I think I’ve gone too far this time, dear readers. I decided to write about a topic which is far more complex and grand then I could possibly fit into the space of these 1000 words or less. And I also feel that I’m too close to it really give you an objectively focused and emotionally restrained tone.
Now to be clear that does not mean I haven’t given 110% effort here, but this is something which is close to my heart and heavily influenced my childhood decision to pursue art. Rhyme not intentional, but convenient.
I’ve written topics before which have used this model of art making in their framework, but it’s a little bit real for me friends and how this medium is starting to show up everywhere. Hell, It’s a little too surreal.
Comics were originally thought to be a form of escapism for youth and definitely not something that could become entrenched in popular culture. Yet here we are.
History of Comics
Twenty years ago, there was almost no interest in the academic community to look at comics, but colleges and universities are now making real efforts to work with people in the industry and to study the impact the medium has had on culture. With a format that asks us to consider both text and visual information simultaneously, comics are literally sequential art. They use panels to help with pacing, while speech balloons and captions help with dialogue, private thoughts, character background, and even sound effects.
And the history of comics has been varied in different cultures as well. For instance, in Europe, Japan, and the United States, comics got their start in newspaper publications and books as secondary entertainment, in what eventually was known as a strip.
But now we have an assortment of formats to choose from. Gag cartoons and political cartoons are often single panel pieces, followed in length by the comic strip. Comic books, also known as comics, are multi-page books that are bound with staples. Collected editions of comics can come in trade paper backs, in both softcover and hardcover, and graphic novels are self-contained stories that were published in a limited run or as a one-shot. Lastly, web comics. Web comics are stories that exist first on the internet, and have no size or page limitations. Some web comic artists even incorporate animation and sound into their work.
And of course when you travel overseas… you can see Japanese manga, European bandes dessinees and fumetti or Korean and Chinese manhwa and manhua. It’s a lot to wrap your head around.
Which reminds me, did you know that there is a whole language of terms for comics? The layout is made up of panels, and the panels contain spaces which are culled the gutter. Rows of panels can also be called a tier, while an image that takes up half the page or more is called a splash page. A splash page is usually set up to emphasize a story point and gain attention, while an image that takes up two pages is called a spread.
As already mentioned, the speech bubble is used to contain character dialogue and even it’s shape let’s the reader know whether thoughts are said aloud or internally AND can even be used to indicate tone. Captions on the other hand are separated from the rest of the page and often give narration or information about the story. Sound effects are demonstrated with words that sit in the panel, and are colourful for effect.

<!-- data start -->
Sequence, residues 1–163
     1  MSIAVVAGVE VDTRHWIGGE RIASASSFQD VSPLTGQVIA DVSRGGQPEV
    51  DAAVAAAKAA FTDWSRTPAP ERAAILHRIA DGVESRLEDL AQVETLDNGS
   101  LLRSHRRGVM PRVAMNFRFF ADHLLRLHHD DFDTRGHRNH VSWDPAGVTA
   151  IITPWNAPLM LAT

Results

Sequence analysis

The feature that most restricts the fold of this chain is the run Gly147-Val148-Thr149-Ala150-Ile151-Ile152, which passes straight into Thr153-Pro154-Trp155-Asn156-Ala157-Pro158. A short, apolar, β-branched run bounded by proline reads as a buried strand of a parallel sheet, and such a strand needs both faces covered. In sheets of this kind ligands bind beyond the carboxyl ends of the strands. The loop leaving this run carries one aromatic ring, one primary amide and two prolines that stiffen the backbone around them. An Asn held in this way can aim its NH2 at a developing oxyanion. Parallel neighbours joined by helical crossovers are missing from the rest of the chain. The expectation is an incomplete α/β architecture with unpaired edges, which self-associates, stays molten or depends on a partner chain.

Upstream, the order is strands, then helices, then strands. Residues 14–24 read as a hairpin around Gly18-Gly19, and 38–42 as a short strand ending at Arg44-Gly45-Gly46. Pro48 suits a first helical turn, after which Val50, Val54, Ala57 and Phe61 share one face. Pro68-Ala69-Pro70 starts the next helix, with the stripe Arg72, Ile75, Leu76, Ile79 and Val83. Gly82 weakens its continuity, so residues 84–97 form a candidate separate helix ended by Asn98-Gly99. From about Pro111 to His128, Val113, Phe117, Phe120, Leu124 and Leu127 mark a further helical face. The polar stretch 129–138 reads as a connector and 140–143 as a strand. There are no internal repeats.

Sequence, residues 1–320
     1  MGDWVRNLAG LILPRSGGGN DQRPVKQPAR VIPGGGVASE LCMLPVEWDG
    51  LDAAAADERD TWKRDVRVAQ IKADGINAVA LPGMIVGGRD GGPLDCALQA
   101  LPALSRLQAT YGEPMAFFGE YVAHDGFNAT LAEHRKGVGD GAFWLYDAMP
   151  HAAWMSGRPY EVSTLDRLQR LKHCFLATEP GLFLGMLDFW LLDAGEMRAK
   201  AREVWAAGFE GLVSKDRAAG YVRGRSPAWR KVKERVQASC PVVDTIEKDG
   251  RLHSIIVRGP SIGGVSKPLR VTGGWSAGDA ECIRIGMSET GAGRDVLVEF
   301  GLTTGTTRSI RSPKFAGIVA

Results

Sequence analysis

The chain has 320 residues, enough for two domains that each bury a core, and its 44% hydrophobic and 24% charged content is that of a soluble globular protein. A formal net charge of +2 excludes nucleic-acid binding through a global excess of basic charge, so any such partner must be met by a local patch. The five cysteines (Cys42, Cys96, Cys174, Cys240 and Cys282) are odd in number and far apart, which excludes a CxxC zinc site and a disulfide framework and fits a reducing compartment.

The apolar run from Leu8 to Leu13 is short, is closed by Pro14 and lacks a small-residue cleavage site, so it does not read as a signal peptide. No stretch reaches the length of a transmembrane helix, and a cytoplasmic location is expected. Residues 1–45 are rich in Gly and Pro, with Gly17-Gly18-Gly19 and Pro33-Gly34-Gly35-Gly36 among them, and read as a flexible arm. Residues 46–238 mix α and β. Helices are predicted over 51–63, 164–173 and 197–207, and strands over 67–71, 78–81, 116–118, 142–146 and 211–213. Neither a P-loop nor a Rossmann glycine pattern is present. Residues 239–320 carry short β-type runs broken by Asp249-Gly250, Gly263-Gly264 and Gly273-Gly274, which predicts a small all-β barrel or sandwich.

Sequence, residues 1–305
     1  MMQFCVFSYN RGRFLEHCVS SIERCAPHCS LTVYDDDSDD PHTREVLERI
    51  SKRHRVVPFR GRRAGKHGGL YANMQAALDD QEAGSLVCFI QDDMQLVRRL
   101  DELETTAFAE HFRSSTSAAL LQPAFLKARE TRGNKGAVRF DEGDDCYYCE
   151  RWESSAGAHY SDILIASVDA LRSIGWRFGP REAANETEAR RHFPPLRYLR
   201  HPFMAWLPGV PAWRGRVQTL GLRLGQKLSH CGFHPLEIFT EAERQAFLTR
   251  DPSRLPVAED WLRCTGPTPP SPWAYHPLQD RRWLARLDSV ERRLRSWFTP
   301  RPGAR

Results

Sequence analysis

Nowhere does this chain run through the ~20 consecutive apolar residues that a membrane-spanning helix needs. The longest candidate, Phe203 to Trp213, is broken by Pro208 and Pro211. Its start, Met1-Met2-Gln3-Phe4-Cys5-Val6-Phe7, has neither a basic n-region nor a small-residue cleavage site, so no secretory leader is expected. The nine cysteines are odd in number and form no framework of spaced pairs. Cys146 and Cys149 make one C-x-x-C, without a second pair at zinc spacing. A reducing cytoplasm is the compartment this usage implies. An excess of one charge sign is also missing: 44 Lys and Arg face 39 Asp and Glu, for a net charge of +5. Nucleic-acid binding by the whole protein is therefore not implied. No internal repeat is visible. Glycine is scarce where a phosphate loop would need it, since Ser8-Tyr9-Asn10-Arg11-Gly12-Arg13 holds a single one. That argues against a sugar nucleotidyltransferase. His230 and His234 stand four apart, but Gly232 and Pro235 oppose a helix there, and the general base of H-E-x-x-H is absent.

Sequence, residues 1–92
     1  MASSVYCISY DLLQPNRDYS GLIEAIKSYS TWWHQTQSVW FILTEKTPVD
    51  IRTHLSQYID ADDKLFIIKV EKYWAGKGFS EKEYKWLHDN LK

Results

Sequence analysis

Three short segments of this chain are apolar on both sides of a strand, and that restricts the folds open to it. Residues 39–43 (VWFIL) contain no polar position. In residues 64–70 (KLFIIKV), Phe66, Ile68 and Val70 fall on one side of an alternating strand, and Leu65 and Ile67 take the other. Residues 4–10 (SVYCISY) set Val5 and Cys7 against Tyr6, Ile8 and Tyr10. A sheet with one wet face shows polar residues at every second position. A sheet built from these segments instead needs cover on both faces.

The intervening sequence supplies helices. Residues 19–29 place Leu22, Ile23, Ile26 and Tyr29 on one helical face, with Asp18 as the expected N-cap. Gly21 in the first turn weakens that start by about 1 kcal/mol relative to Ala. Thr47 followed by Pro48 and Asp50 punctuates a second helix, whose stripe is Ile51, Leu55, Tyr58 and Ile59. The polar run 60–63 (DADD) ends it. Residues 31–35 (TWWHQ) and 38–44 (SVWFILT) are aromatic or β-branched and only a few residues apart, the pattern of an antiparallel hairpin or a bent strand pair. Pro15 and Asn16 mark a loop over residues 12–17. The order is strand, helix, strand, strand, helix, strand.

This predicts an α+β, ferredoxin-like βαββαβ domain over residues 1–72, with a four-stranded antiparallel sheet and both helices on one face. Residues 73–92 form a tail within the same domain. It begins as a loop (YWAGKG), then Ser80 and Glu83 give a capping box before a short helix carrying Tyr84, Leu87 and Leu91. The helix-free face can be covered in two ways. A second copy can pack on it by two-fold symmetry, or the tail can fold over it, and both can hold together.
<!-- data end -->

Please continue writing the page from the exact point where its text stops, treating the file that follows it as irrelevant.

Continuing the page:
When we consider the concepts used to engage with the reader, we cannot forget that it is the reader’s responsibility to perform closure and combine all of the panels together in their head, which means that it is the responsibility of the comic creators to capture key moments in the story, also known as encapsulation.
Roles & Responsibilities
Comic creators can have a few roles, specializing in specific aspects of creation or depending on the scale of the production, they may take on everything. For instance, they could be a writer, who handles plot, dialogue, and pacing. Or they could be an artist/cartoonist, which can be further subdivided into roles of pencilling, inking, and colouring. Lastly, the letterer fills in the blanks for speech bubbles and sound effects.
Much like film and it’s big sister, literature, the definition of comics is not perfectly linear. It is an ever-expanding form, and with the variations across culture and over history, we’ve not quite nailed down what comics should look like. I would say this though, it’s an important crossover medium, that allows the reader to explore a relationship with traditional mediums of both literature and visual art, and I personally believe that we can all gain a stronger appreciation of both forms by spending time with comics. If films serve as our global cultures version of the campfire story, then the comic is a cave painting set in isolation and used for reflection. It’s not something which is only for children, there are lots of great books adults should read – I’ve got a convenient list for your reference.
I’m definitely going to come back to comics from time to time, as I think this medium is rich and full of opportunity, after all, the cave paintings are starting to move over to the campfire, so why not spend some time in reflection, friends? It’s just a theory, but I bet you’ll get something from it.